With fears of oncoming recession still swirling, the corporate bond market continues to mostly mimic a big shoulder-shrug about that very prospect. As we’ve noted, the difference in yield between corporate bonds and comparable risk-free Treasuries (i.e., the credit spread) is one of the go-to places to look for signs of concern, stress, fear, etc. Higher spreads = more fear as the bond market prices in more of a premium for riskier debt, and vice versa. While some of that did start to materialize earlier last year, it’s largely evaporated over the past several months as yields and spreads have come down from their summer peaks.
Currently, the spread to Treasuries for both high-quality (i.e., investment grade, 1st chart) and low-quality (i.e., high yield/junk, 2nd chart) corporates has fallen back below their longer-term averages shown by the horizontal dashed lines even as layoff announcements have picked up, corporate profit margins have come under pressure, and additional Fed rate hikes remain in the pipeline. In other words, even in the face of some mounting headwinds the corporate bond market is acting as if things aren’t all that bad for the economy just yet.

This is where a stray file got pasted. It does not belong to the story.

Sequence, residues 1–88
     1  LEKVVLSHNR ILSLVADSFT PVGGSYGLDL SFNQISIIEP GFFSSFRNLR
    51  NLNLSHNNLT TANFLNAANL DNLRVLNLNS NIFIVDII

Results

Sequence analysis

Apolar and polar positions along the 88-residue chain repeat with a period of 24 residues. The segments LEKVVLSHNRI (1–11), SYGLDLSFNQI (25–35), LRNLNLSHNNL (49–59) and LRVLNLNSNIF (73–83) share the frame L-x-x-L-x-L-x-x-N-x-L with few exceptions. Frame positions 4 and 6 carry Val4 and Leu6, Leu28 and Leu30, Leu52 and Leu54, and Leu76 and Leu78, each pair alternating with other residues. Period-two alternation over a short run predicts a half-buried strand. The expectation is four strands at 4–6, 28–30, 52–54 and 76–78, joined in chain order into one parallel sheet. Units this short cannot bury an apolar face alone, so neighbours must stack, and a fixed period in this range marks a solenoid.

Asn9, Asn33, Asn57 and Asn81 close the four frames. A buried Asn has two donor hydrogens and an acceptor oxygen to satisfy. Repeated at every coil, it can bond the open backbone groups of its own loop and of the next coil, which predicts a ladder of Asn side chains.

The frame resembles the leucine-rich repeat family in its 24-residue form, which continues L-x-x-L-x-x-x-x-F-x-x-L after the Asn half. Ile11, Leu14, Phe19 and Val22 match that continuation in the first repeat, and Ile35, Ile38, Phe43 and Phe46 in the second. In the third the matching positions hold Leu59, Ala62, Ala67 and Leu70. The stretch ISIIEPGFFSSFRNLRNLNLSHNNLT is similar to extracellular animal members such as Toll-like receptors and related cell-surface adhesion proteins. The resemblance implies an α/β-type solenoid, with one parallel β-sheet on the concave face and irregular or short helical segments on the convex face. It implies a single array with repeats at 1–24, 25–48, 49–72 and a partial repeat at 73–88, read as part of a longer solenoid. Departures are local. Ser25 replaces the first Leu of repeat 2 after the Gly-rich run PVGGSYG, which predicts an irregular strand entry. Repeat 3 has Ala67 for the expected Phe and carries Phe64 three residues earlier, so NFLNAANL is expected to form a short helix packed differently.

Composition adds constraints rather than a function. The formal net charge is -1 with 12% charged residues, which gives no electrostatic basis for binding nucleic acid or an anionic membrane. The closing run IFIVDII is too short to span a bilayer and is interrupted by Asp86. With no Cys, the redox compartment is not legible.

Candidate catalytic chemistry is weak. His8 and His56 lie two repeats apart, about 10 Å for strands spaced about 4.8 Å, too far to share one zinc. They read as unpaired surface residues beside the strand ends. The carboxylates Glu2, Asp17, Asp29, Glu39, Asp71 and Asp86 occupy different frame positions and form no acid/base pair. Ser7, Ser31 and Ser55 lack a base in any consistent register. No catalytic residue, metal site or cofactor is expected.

From an investment standpoint, spreads below the averages also reflect a lack of good long-term value and thus we continue to largely avoid the high yield debt market. If the economy does eventually flirt with recession, then spreads will widen and that will present more of an opportunity to begin to allocate to riskier debt. But we’re not there yet.
Things can change quickly and if the Fed does push too far then corporate spreads will eventually react to that. For the time being, they reflect an economy that is holding up better than some of the dire expectations out there. Keep watching this market.
Carl Noble, CFA®
Senior Vice President of Investments
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